Technology

Enter Google Agones, a Kubernete-Based System for Rapidly Scaling Game Servers

22 Mar 2018 9:03am, by

When considering scale, few systems are put through their paces as fast and frenetically as a launch-day video game. Anyone who’s ever subscribed to a brand new MMO can attest to this syndrome: even with the best of planning, many launch-day games are swamped by unexpected demand from over-hyped consumers. This is, perhaps, one of the reasons Google has sought to reach game developers with its Agones, a Kubernete-based container orchestration system focused on game servers.

Building on its successful Kubernetes project, Google and Ubisoft have combined their development might to build Agones. This new open source project allows game developers to spin up new instances of their servers using Kubernetes to manage the process.

The big change here is a focus on short lifetime, stateful servers, rather than long-living stateless ones. For games like DOTA 2 or League of Legends, players sign into a single server, ten at a time, and are usually done within an hour. Other games run for even less time. Additionally, load balancers can’t enter into the mix as they could slow things down, and gamers are addicted to speed, and frames per second.

At Game Developers Conference this week in San Francisco, Google spent a full day detailing ways it could help fledgling game developers meet the scaling demands of their products. Unlike the enterprise and business software worlds, games are often hyped by marketing to a mass audience, resulting in an unpredictable sales curve on day one. As a result, many game companies can drown in the over-enthusiastic results, as players make new accounts, congregate online, and generally put a 1.0 product through its paces.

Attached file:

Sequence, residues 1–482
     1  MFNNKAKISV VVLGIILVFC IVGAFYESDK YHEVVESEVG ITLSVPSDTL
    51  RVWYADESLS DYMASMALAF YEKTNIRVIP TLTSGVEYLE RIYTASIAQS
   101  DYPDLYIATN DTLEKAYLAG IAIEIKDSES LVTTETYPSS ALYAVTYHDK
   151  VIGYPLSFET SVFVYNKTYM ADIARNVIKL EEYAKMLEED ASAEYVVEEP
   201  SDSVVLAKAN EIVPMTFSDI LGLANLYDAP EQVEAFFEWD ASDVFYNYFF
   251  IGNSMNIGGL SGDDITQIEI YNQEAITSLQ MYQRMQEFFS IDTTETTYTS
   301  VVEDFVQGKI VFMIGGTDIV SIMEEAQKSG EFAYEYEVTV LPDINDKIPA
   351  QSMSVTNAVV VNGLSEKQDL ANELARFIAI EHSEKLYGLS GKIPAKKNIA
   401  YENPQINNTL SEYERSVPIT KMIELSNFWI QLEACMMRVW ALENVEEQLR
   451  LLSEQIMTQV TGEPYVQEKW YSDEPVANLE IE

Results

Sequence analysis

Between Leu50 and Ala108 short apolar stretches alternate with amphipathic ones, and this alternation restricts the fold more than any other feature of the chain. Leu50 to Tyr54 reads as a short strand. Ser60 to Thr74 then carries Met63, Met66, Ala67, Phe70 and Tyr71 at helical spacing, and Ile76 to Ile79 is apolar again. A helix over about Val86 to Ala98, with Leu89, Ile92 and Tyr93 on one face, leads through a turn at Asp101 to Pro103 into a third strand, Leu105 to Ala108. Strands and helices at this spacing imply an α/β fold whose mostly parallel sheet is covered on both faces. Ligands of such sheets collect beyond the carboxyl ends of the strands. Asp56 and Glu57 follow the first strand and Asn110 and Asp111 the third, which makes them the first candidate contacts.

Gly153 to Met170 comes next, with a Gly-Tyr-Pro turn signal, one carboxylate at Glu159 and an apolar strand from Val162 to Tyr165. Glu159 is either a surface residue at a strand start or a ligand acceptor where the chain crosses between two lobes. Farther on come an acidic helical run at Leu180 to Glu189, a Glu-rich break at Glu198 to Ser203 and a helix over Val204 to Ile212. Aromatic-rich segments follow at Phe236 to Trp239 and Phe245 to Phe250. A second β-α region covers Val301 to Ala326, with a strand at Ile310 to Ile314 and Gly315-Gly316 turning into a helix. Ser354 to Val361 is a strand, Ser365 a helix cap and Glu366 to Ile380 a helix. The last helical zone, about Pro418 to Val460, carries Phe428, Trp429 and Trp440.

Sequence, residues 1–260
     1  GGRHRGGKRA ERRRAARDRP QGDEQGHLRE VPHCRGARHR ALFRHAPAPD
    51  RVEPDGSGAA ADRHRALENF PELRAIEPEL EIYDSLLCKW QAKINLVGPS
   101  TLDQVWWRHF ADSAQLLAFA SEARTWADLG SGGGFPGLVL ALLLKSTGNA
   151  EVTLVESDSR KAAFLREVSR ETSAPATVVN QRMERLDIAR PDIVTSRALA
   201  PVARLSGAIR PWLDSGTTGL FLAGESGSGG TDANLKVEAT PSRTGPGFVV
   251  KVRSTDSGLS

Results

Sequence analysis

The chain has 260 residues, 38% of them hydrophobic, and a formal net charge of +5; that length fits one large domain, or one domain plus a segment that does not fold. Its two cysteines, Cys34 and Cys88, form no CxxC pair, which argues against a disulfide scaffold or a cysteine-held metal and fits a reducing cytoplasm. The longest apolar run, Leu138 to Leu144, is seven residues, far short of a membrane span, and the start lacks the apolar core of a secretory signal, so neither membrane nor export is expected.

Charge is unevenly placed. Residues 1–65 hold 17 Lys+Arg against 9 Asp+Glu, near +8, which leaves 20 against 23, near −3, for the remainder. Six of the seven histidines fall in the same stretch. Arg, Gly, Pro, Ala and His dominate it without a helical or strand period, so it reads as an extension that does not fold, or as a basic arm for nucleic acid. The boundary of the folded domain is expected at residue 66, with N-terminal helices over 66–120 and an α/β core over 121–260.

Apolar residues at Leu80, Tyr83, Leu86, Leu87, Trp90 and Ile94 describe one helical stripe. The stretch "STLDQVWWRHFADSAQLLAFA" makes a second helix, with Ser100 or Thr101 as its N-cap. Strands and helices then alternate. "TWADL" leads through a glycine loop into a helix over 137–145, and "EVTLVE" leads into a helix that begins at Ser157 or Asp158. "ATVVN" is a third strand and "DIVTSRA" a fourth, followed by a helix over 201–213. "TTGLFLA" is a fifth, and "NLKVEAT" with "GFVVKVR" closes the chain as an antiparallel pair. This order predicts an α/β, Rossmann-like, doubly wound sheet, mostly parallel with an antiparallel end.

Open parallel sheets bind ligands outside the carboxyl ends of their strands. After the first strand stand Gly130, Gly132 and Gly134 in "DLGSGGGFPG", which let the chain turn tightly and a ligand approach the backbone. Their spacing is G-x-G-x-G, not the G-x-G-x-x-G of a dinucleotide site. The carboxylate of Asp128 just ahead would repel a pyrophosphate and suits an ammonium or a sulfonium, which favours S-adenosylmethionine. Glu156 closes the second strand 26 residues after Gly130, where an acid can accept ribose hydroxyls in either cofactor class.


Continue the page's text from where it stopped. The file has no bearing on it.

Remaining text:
That’s because most game developers are not as well versed in highly scalable server technologies as the teams inside Amazon and Google. Amazon already broached this topic by introducing Lumberyard at GDC 2015 years ago. This combination of Crytek’s CryEngine, and point-and-click IDE-based support for Amazon’s Web Services APIs provided developers with a way to build from the ground up with baked in support for highly scalable systems and services. Unfortunately, Lumberyard is a large engagement for developers and has struggled to connect with an audience.

Enter Google and Ubisoft’s Agones. It would seem the game is on to see who can build the best bridge to their cloud platform for game developers.

Google is a sponsor of The New Stack.

Feature image: League of Legends.


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